OPM Fingerprint Breach 5 Times Larger Than Originally Thought

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The US Office of Personnel Management (OPM) has admitted that 5.6 million people are now estimated to have had their fingerprint information stolen—which could have a big impact on future biometric security initiatives.

The federal government’s main employment body turns out to have significantly undershot its estimates as to how many people were affected by the breach that was uncovered in the summer. The number of people whose prints were lifted, so to speak, was originally thought to be about 1.1 million.

Meanwhile, about 22.1 million individuals had their Social Security Numbers and other sensitive information affected by a pair of hacks—this number has not been revised.

While the fingerprint heist shouldn’t be able to do much harm right now, the ramifications of the issue are likely to be far-ranging as far as cybercrime goes.

“Biometrics like fingerprints are the passwords of the future, and the staggering 5.6 million people of interest who have had their future passwords stolen from OPM are exposed to potential threats no one really understands,” said Jonathan Sander, VP of product strategy for Lieberman Software, in a comment. “If they are used well, fingerprints can be a very strong way to secure systems. As we learned from the recent Ashley Madison analysis, though, you can take potentially good security (encryption in that case) and use it so poorly that the bad guys get a big leg up.”

He pointed out that we simply don’t know what shortcuts may exist in future applications that will allow a mere shadow of a print like the data OPM had to become the way future breaches are pulled off.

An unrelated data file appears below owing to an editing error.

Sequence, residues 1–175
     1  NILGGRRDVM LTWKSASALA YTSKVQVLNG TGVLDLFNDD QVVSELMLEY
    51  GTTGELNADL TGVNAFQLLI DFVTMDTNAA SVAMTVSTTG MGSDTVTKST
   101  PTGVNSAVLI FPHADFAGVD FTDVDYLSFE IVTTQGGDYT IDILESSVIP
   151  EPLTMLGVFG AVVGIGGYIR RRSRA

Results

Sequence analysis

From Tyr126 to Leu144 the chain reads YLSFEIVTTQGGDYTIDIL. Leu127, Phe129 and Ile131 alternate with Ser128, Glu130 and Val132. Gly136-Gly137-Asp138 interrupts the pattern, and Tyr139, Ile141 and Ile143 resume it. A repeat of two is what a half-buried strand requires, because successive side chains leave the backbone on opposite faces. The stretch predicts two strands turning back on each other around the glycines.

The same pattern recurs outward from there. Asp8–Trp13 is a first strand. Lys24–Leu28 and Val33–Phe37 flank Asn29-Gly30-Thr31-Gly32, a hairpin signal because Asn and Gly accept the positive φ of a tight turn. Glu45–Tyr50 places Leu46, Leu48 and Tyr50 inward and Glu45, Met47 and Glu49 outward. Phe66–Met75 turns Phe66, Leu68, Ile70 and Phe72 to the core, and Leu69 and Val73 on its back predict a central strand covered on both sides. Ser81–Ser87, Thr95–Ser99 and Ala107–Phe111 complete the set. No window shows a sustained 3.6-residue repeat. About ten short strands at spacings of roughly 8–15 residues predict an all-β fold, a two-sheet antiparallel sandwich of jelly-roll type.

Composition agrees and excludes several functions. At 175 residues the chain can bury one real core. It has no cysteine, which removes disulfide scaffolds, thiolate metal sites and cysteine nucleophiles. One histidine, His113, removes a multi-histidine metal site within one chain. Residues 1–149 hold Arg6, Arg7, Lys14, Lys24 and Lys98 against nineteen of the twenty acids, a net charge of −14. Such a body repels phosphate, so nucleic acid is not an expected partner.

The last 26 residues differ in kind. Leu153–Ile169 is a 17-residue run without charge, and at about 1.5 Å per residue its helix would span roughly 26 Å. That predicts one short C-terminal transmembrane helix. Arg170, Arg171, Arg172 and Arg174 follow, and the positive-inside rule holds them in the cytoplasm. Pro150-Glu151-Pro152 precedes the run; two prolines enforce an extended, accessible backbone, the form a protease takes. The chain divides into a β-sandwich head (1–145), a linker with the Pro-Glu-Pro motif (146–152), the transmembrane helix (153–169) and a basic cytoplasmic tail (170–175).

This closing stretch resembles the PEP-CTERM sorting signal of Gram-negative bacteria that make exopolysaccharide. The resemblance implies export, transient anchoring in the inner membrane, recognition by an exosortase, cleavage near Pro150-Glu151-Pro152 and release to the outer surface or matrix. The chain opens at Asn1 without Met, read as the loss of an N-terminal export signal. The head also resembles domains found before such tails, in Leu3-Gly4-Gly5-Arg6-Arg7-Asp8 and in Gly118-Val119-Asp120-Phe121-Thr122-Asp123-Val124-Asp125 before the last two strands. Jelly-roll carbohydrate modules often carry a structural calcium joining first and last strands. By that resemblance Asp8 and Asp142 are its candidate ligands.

Worse, contrary to a popular belief, fingerprints are not unique, and out of 5.6 million fingerprints compromised, there can be quite a few people who have fingerprints similar enough to be accepted by the biometric authentication system.  

“Now, if there is someone with access to top secret information, and his fingerprint data can be matched to someone else with a known gambling problem (known from the background checks also leaked by OPM), the attacker has a way to potentially circumvent biometric authentication,” Igor Baikalov, chief scientist for Securonix, noted in an email. “Farfetched? Probably, but not impossible. The only good news might be that government is so much behind in implementing biometric authentication that this threat will not materialize in the near future.”

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